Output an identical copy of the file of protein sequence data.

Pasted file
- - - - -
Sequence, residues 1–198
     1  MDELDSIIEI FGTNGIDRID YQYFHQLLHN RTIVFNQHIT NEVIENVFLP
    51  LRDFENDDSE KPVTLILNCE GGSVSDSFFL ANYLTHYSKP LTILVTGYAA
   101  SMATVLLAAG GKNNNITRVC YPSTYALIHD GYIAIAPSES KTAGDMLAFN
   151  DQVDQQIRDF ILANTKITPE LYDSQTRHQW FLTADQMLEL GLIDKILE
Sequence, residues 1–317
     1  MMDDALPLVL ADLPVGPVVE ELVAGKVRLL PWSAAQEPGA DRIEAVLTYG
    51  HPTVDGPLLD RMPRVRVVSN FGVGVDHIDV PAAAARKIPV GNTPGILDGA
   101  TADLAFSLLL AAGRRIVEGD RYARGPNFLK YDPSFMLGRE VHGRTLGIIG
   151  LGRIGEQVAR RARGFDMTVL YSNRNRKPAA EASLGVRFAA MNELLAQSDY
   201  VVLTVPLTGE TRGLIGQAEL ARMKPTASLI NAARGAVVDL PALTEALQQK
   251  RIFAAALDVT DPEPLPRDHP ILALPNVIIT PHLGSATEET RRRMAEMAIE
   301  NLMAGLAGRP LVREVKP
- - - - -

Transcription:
Sequence, residues 1–198
     1  MDELDSIIEI FGTNGIDRID YQYFHQLLHN RTIVFNQHIT NEVIENVFLP
    51  LRDFENDDSE KPVTLILNCE GGSVSDSFFL ANYLTHYSKP LTILVTGYAA
   101  SMATVLLAAG GKNNNITRVC YPSTYALIHD GYIAIAPSES KTAGDMLAFN
   151  DQVDQQIRDF ILANTKITPE LYDSQTRHQW FLTADQMLEL GLIDKILE
Sequence, residues 1–317
     1  MMDDALPLVL ADLPVGPVVE ELVAGKVRLL PWSAAQEPGA DRIEAVLTYG
    51  HPTVDGPLLD RMPRVRVVSN FGVGVDHIDV PAAAARKIPV GNTPGILDGA
   101  TADLAFSLLL AAGRRIVEGD RYARGPNFLK YDPSFMLGRE VHGRTLGIIG
   151  LGRIGEQVAR RARGFDMTVL YSNRNRKPAA EASLGVRFAA MNELLAQSDY
   201  VVLTVPLTGE TRGLIGQAEL ARMKPTASLI NAARGAVVDL PALTEALQQK
   251  RIFAAALDVT DPEPLPRDHP ILALPNVIIT PHLGSATEET RRRMAEMAIE
   301  NLMAGLAGRP LVREVKP